What Jefferson really meant by it is of little relevance? Right. Then someone quick tell the ACLU that the Wall of Separation is of little relevance so that the will stop wasting my tax money on stupid lawsuits. Let Michael Newdow know too so that he stops suing the crap out of every school in California for saying the Pledge of Alligence. I sure Thomas Jefferson would agree whole-heartedly with you as you seen to be completely enlightened about what Jefferson meant.. Please do us a favor. Read a history book. Understand what the founding Fathers of this country were all about and how the Constitution was framed. And the History Book by Howard Zinn does count.

If things of the past are soo long distant that they in no way can ever conform to the present, then why do we cling to a document that is clearly of the distant past?

How long must that past be before it becomes too distant to relate to the present?

And, if such things are really true, then how can humanity have any real stability in anything, be it customs, law, or government?

Last, couldn't such arguments be the basis of continual revolutions in not just government, but in cultural and societal norms that mean only the present thougts dominate?

The assent of the mind to an intelligible proposition is not belief; it is knowledge. Jefferson's problem was that he thought religious belief was superstition, with no support of reason. Further, he was an epicurean materialist. Furthermore, Lincoln suppressed his disdain for Jefferson in order to save naturral law from the incoherencies of the Declaration. Richard Adams needs to read Philip Hamburger's book on the subject and take seriously J's opinions on the French Revolution. Jefferson was more a contemporary academic liberal than an ancient.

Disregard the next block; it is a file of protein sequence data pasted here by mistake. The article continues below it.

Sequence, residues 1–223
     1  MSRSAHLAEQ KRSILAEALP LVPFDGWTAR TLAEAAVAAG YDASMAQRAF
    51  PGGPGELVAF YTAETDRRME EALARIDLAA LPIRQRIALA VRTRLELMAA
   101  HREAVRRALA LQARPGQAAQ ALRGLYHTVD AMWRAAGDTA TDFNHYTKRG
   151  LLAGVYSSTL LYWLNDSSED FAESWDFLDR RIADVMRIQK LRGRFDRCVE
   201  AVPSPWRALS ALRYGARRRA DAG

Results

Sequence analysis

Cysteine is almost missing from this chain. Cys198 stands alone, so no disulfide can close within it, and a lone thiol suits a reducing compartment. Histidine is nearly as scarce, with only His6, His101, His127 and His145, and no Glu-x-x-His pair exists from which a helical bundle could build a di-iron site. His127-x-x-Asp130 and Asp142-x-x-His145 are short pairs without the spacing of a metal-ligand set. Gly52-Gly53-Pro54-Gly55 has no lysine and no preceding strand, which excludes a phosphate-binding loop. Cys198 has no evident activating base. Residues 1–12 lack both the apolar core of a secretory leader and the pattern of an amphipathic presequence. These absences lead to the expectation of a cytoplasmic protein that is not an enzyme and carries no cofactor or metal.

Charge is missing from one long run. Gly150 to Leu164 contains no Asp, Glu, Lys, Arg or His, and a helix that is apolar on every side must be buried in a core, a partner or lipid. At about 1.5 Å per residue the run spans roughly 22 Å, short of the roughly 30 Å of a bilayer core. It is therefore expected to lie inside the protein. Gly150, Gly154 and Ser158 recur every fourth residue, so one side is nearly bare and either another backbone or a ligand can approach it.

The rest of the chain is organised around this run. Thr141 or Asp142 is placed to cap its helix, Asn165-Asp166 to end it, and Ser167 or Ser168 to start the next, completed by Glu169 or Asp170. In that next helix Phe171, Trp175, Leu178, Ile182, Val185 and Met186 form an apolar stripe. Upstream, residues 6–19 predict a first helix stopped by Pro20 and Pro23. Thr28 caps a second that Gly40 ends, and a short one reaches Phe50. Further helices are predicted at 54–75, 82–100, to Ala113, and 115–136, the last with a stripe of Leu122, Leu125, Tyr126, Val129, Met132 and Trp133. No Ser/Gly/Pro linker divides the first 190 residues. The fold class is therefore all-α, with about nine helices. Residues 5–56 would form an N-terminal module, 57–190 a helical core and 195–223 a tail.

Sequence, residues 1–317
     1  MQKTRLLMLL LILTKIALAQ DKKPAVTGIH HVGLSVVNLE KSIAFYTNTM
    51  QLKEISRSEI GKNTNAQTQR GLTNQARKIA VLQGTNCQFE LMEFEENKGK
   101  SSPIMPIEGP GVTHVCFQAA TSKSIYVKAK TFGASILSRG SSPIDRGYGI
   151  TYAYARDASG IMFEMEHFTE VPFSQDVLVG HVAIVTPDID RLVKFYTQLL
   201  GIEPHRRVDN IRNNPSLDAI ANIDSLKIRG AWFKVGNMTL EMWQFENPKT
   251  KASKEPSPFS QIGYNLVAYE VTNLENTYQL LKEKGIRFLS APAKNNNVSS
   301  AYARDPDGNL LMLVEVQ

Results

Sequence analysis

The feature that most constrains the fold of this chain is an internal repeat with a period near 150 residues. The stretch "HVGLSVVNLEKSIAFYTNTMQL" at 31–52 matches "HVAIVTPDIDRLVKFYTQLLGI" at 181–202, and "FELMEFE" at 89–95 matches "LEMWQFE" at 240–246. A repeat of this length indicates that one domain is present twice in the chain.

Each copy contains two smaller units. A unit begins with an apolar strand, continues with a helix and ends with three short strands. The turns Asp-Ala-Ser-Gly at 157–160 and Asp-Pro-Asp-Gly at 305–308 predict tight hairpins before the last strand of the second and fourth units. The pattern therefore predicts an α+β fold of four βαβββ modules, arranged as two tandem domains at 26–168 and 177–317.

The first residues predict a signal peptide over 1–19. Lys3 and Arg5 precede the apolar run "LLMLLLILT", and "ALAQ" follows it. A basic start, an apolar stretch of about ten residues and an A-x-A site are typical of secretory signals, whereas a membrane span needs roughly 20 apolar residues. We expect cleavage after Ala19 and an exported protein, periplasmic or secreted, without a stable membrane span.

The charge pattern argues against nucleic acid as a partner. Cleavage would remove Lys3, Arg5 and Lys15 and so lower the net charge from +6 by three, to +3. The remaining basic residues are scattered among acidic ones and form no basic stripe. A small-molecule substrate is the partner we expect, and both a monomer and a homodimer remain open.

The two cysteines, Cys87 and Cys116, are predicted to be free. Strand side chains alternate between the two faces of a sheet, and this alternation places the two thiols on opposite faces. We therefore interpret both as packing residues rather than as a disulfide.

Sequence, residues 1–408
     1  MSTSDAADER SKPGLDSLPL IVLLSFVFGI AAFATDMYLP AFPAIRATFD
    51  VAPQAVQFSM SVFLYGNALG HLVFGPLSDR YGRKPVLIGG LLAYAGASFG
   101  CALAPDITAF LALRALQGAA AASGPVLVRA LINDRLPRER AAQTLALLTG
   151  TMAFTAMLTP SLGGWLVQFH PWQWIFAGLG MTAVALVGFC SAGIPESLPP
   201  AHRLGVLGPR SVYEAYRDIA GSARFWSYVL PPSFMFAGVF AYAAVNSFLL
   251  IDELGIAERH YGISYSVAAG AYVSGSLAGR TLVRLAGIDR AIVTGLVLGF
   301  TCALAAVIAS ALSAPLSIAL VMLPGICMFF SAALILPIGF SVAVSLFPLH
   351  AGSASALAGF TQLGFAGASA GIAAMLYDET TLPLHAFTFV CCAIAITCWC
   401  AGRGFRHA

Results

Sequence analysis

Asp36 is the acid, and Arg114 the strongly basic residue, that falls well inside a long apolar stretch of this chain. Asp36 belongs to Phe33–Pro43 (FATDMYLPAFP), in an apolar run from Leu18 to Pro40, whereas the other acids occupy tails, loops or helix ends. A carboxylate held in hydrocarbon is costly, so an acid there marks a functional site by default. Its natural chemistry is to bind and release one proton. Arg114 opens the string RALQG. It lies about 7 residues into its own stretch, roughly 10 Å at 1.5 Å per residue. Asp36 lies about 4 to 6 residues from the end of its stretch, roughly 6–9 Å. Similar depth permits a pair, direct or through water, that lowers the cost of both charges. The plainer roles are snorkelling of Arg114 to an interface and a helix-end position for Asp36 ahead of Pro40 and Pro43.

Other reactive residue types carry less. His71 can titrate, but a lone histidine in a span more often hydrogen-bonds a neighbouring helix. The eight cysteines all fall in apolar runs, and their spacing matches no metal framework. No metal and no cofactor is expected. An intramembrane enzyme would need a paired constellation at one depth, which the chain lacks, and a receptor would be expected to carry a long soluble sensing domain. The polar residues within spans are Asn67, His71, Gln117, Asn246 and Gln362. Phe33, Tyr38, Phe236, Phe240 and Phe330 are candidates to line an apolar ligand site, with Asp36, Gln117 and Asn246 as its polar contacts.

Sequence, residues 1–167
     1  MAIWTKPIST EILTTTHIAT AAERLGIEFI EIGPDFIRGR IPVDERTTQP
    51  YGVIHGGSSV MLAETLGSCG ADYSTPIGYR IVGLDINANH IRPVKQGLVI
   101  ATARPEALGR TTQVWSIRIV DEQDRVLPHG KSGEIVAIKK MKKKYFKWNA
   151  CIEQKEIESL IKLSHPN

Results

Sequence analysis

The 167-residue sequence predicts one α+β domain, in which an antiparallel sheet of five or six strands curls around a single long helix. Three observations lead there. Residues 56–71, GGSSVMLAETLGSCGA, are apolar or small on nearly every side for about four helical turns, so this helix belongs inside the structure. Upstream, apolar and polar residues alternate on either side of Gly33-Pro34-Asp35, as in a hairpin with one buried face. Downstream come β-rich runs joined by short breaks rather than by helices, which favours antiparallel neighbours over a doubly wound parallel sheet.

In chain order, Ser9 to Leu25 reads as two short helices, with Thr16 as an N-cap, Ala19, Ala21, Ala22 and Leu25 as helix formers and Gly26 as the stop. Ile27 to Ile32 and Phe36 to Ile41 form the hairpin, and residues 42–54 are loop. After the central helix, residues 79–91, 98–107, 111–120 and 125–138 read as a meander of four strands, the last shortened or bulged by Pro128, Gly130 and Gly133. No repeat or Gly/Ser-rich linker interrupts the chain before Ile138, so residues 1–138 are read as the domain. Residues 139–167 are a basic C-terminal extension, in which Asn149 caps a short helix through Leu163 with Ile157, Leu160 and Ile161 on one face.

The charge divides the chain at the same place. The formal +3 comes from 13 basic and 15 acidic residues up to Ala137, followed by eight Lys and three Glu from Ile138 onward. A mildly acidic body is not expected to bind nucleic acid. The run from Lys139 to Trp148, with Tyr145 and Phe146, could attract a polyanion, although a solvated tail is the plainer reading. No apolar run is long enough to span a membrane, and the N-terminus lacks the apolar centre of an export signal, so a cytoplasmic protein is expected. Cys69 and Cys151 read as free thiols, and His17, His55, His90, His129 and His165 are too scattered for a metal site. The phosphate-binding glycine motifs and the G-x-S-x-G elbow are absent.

Robert Jeffrey, the assent of the mind to an intelligible proposition is belief, but it is not faith. Maybe I don't read Jefferson properly, and that Hamburger book is actually in the pile on my bedside table, barely opened yet. My reading of Jefferson is that he found belief reasonable, if it was based on reason, but not faith, which is NEVER reasonable. Faith builds its own reasonable constructs, but it is not reasonable beginning point when we live in a material world. It is inescapable for me, and I think for you, but we have to forgive Jefferson and others when they just don't have it.